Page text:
‘One of my key bugbears is when service personnel leave the armed forces and are told they haven’t got any experience in the civilian sector. The fact is, most will adapt quickly and have probably already encountered something similar in military life,’ Richard says.
‘The armed forces like to invest in their people, from basic training to trade training and beyond. I haven’t found the same level of enthusiasm in the civilian sector; there seems to be an ethos of: “What if I train them and they leave?” Personally, I think companies should say, “What if I don’t train them and they stay?”’
Back to school
Since leaving the army in 2017, Richard has worked as a health and safety officer and public services lecturer at a college, had a managerial position at the RAF Families Federation, and spent two years as the health, safety and energy manager at Oakham public school in Rutland. He recently took on a new job as health and safety trainer and consultant at Cambridge Safety.
‘My role at Oakham School involved a myriad of different duties, from the standard review of risk assessments and accident investigations to radon surveys and the management of online training. A long-term challenge was to try to change a culture in an organisation that included over 500 staff with varying levels of responsibility,’ Richard says.
‘Another challenge was that simply abiding by all the relevant regulations on a site the size of Oakham is not cheap. While we always tried to do most things in-house, when you take into account fire risk assessments across 38 buildings, an external health and safety audit, Evac chairs and servicing, fire extinguisher servicing, online training for staff, first aid training, and general day-to-day safety concerns, it can be fairly costly. It’s not surprising that some companies cannot do everything.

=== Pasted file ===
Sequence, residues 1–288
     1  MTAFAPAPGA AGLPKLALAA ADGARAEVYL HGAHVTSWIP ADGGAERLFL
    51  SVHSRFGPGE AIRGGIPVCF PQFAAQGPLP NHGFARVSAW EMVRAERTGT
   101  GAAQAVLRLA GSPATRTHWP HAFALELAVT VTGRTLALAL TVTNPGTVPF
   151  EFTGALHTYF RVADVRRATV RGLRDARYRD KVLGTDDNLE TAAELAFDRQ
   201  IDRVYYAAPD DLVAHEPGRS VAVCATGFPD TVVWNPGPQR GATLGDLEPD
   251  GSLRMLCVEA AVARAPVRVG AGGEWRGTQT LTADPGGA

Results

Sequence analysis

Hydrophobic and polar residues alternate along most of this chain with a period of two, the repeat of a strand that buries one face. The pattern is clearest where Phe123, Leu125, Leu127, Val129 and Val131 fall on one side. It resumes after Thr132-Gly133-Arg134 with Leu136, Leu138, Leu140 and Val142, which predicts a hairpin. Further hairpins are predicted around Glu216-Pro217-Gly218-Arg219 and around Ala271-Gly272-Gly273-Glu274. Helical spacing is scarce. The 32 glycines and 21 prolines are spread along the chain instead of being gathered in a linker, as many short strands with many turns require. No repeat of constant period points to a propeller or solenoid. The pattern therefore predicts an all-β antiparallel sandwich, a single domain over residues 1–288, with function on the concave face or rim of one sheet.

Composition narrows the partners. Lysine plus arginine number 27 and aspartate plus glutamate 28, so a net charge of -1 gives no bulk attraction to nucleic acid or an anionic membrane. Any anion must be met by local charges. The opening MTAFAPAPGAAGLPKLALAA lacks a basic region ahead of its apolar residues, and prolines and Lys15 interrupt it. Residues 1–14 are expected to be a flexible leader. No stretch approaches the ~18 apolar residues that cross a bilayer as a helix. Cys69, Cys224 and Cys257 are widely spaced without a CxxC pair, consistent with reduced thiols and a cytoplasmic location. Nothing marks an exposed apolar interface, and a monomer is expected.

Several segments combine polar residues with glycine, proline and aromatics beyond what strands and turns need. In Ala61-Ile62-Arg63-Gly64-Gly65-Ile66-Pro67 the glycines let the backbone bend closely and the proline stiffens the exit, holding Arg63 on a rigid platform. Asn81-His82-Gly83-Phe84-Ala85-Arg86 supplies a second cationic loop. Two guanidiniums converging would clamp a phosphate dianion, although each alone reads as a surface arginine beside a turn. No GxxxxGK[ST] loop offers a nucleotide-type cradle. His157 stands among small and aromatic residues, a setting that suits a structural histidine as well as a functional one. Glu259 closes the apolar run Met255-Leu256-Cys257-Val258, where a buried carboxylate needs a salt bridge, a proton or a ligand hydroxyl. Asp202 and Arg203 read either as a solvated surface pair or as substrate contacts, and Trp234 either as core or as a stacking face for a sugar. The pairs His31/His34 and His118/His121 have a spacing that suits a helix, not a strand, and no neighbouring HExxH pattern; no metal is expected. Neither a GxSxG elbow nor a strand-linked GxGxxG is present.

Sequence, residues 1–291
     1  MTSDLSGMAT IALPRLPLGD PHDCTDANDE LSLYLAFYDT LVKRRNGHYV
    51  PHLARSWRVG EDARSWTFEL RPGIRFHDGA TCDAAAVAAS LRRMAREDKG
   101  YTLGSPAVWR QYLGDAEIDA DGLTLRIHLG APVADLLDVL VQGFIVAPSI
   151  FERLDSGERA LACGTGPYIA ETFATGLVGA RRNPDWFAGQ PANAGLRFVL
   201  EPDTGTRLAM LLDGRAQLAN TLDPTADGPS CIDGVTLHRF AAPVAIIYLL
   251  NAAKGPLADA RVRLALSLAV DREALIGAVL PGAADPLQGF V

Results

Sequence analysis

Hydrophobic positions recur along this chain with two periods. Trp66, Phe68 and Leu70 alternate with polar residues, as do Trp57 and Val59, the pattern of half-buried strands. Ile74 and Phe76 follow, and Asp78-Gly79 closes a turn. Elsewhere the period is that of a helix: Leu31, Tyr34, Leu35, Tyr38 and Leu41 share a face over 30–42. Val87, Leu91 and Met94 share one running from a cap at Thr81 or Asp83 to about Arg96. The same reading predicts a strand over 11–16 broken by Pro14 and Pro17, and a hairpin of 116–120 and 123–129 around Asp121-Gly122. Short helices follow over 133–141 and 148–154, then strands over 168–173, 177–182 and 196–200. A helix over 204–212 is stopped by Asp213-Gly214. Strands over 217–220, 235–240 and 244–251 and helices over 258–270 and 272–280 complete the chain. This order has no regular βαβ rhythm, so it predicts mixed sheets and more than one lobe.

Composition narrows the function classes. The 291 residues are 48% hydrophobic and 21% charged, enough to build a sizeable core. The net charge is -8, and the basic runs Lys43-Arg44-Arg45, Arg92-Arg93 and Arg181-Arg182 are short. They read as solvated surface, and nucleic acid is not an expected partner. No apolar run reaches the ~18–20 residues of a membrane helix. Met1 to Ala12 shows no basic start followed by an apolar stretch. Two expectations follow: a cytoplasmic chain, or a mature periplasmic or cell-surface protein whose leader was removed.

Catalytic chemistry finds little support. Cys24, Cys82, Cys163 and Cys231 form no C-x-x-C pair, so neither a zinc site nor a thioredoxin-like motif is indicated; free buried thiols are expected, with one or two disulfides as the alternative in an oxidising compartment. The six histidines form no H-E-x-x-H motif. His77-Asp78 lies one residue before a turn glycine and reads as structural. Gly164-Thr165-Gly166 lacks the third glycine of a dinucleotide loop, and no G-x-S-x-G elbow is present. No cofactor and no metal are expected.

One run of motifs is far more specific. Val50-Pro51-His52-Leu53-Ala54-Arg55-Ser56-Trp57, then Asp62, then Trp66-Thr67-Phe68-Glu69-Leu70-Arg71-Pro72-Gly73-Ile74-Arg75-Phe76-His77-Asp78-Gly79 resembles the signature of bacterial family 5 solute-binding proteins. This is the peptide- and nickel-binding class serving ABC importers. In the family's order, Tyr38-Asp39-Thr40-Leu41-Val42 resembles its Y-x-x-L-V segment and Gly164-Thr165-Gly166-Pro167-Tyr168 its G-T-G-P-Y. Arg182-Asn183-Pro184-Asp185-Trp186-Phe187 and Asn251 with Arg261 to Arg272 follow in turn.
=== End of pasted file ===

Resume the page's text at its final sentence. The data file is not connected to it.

‘Similarly, one of the things I have realised is that OSH professionals cannot know everything, but we do need to know where to look or who to ask. I have learned a lot from course teachers, but I have also picked up a great deal from various contractors and supporting services. Shadowing highly competent fire risk assessors when they visit the school has given me extra knowledge about why things are a certain way – for example, how far apart smoke detectors should be, how far they should be placed from a wall, and so on.’
Richard is now eager to spread what he has learned. ‘I loved the teaching aspect of my role at Oakham School, such as delivering first aid courses, or teaching my OSH apprentice, which is why I really wanted to go down the teaching route. Sometimes it is just getting a simple “thank you” for putting something right that they have been trying to sort for ages but not known how to.
‘Moving back to a teaching role with Cambridge Safety will help me carry on learning too, which is what I also love. The great thing about teaching groups is that you always learn something new from someone. Whether someone gives you a quick tip on how to make a PowerPoint slide look more aesthetically pleasing, or mentions a website that they have used to learn something new, we are never too old to learn.’